So, whilst we processed a few more birds, we actually ringed 108 fewer birds but recaptured 112 more birds than last year. The difference is almost all down to Jonny Cooper’s work at Langford Lakes catching Reed Warblers and, to a lesser degree, the same species at the Western Way Balancing Ponds at Melksham. Retrapping so many of these long-distance migrants in the same place they were ringed, plus a French ringed bird that was recaptured at Langford last year and again this May is encouraging and Jonny is now trying out the site for a potential RAS scheme. RAS is a scheme based on retrapping adult birds at the same place year after year to gain a picture of the survival of individuals within the species. The breakdown this year represents 58 individual birds at Langford Lakes before the breeding season has resulted in any fledglings being produced. In addition to the Reed Warblers, 10 individual Sedge Warblers have also been ringed / recaptured at Langford.

On the subject of retrapped birds, last December had our highest ever total of retraps, at 327, but that figure is helped by the fact that we are catching at feeding stations then. This is the highest total recaptured without the concentrating effect of a feeding station, and the second highest that we have had.

There aren’t too many people who are lucky enough to have Siskin breeding locally and to be regularly catching them in their garden. To be catching juvenile Siskin in your garden at this time of year must be a real treat: something that Andy Palmer has had the luck to do in the last two years. It is such an interesting phenomenon: Warminster is 40 miles south of the Braydon Forest. They have a breeding population of Siskin and Lesser Redpoll whereas those two species are winter visitors from Scotland / Scandinavia to the Braydon Forest, as evidenced by recoveries of birds of these species ringed in the Braydon Forest and retrapped in Argyle and Bute.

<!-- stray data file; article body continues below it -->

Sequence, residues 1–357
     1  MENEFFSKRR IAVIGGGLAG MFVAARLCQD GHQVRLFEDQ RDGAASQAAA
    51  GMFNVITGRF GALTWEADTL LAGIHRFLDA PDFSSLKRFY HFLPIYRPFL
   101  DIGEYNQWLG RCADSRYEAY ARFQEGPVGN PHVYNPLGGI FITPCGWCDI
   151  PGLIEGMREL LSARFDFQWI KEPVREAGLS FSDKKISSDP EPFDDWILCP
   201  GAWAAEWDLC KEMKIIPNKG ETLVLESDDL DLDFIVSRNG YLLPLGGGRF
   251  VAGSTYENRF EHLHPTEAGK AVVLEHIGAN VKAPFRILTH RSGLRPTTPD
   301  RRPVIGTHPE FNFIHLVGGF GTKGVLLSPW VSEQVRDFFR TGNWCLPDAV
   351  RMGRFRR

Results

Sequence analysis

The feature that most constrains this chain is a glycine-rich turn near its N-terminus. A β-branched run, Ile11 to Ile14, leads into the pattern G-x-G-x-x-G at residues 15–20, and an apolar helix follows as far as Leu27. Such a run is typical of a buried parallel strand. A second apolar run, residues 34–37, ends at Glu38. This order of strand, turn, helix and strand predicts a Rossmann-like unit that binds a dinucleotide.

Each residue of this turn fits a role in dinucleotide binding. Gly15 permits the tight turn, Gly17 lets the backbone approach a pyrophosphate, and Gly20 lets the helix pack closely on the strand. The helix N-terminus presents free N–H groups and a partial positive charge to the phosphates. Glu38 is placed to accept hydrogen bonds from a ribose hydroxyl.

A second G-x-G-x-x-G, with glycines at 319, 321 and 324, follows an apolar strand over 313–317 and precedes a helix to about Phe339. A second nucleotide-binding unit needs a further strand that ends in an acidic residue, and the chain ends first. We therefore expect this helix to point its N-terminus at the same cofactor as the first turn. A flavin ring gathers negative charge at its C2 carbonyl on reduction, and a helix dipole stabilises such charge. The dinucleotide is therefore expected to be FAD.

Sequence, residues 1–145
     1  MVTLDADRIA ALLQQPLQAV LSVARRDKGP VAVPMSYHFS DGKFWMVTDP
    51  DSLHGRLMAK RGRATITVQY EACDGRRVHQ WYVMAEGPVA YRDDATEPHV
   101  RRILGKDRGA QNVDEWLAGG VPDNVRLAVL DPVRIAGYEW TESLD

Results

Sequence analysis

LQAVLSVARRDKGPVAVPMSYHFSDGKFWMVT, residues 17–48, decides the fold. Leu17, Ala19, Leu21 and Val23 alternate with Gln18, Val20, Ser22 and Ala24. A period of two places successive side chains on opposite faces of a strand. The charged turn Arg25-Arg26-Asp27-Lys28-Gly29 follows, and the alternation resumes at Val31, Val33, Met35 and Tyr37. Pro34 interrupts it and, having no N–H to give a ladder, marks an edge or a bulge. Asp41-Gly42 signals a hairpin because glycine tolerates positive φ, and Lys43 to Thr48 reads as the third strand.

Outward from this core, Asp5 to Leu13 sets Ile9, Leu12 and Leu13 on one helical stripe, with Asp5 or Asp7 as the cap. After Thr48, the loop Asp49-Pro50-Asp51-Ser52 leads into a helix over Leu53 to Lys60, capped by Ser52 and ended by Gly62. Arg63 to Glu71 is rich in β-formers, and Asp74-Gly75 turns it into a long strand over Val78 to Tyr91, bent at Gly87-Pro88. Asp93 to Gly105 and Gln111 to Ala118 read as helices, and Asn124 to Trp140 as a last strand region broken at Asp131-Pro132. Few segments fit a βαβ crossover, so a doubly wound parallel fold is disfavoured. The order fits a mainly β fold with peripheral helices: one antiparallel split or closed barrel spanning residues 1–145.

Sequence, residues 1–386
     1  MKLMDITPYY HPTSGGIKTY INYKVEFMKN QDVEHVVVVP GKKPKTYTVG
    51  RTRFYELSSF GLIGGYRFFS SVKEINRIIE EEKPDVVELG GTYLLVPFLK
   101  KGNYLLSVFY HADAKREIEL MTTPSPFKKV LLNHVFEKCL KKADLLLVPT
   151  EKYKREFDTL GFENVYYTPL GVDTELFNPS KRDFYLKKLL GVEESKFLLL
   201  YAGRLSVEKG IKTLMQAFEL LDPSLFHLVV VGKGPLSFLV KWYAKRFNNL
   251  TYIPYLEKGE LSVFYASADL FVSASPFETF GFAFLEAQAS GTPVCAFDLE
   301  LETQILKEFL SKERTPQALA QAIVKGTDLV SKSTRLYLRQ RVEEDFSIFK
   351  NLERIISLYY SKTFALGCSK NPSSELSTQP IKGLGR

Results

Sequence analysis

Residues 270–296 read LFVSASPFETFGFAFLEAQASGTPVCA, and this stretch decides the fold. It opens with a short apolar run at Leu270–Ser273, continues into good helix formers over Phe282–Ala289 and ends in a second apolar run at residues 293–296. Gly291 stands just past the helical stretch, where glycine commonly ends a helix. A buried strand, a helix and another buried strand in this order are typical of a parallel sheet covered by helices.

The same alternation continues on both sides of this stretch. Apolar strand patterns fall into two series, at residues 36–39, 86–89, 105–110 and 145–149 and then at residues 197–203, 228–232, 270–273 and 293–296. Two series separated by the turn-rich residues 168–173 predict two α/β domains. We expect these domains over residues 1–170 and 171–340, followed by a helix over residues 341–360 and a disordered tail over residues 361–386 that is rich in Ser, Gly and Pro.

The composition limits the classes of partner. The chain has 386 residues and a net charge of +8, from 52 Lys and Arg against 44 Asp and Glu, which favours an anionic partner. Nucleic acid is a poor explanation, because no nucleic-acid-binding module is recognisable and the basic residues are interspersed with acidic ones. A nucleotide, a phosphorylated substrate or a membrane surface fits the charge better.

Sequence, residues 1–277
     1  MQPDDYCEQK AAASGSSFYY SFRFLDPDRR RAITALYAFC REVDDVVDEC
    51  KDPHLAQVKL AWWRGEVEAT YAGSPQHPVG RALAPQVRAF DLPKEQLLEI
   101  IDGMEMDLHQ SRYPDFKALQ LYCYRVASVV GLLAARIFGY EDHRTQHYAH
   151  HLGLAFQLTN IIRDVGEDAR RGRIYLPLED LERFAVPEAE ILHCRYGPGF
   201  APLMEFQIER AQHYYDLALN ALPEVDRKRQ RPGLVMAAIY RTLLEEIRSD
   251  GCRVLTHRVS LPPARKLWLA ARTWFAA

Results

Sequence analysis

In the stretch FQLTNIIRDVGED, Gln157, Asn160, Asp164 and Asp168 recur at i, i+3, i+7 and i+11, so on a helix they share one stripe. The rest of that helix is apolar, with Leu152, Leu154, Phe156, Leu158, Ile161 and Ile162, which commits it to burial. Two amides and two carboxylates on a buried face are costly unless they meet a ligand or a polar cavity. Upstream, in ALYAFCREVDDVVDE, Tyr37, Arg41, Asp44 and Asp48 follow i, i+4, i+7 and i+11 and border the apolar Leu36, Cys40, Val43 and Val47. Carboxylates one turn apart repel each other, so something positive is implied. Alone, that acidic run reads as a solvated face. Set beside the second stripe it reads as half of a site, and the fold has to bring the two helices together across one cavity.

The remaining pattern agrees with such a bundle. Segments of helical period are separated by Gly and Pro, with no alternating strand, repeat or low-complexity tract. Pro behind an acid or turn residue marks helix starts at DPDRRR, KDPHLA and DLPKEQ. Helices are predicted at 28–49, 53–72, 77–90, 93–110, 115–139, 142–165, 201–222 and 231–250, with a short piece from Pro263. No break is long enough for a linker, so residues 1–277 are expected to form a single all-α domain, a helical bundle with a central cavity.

Photo copyright Andy Palmer

My primary highlight of the month has been being able to start my CES at Lower Moor Farm again this year, after having to miss out last year because of lockdown. It is looking promising after 3 sessions.  The birding highlights of the month both happened at our first visit to Brown’s Farm since last September. We have caught few Firecrest over the years: just 6: 2 at Tedworth, 2 near Warminster and one each in Ravensroost Wood and Red Lodge. What all of these sites have in common is that they are woodland sites. However, the Firecrest we caught at Brown’s Farm was caught in a net set across the end of a hedgerow, in the middle of open farmland. No doubt it was on its way to Savernake Forest area, where I ringed my first two Firecrest as a trainee. This was Lucy’s first, on a morning where she got to ring 3 new species (Whitethroat and Linnet as well as the Firecrest).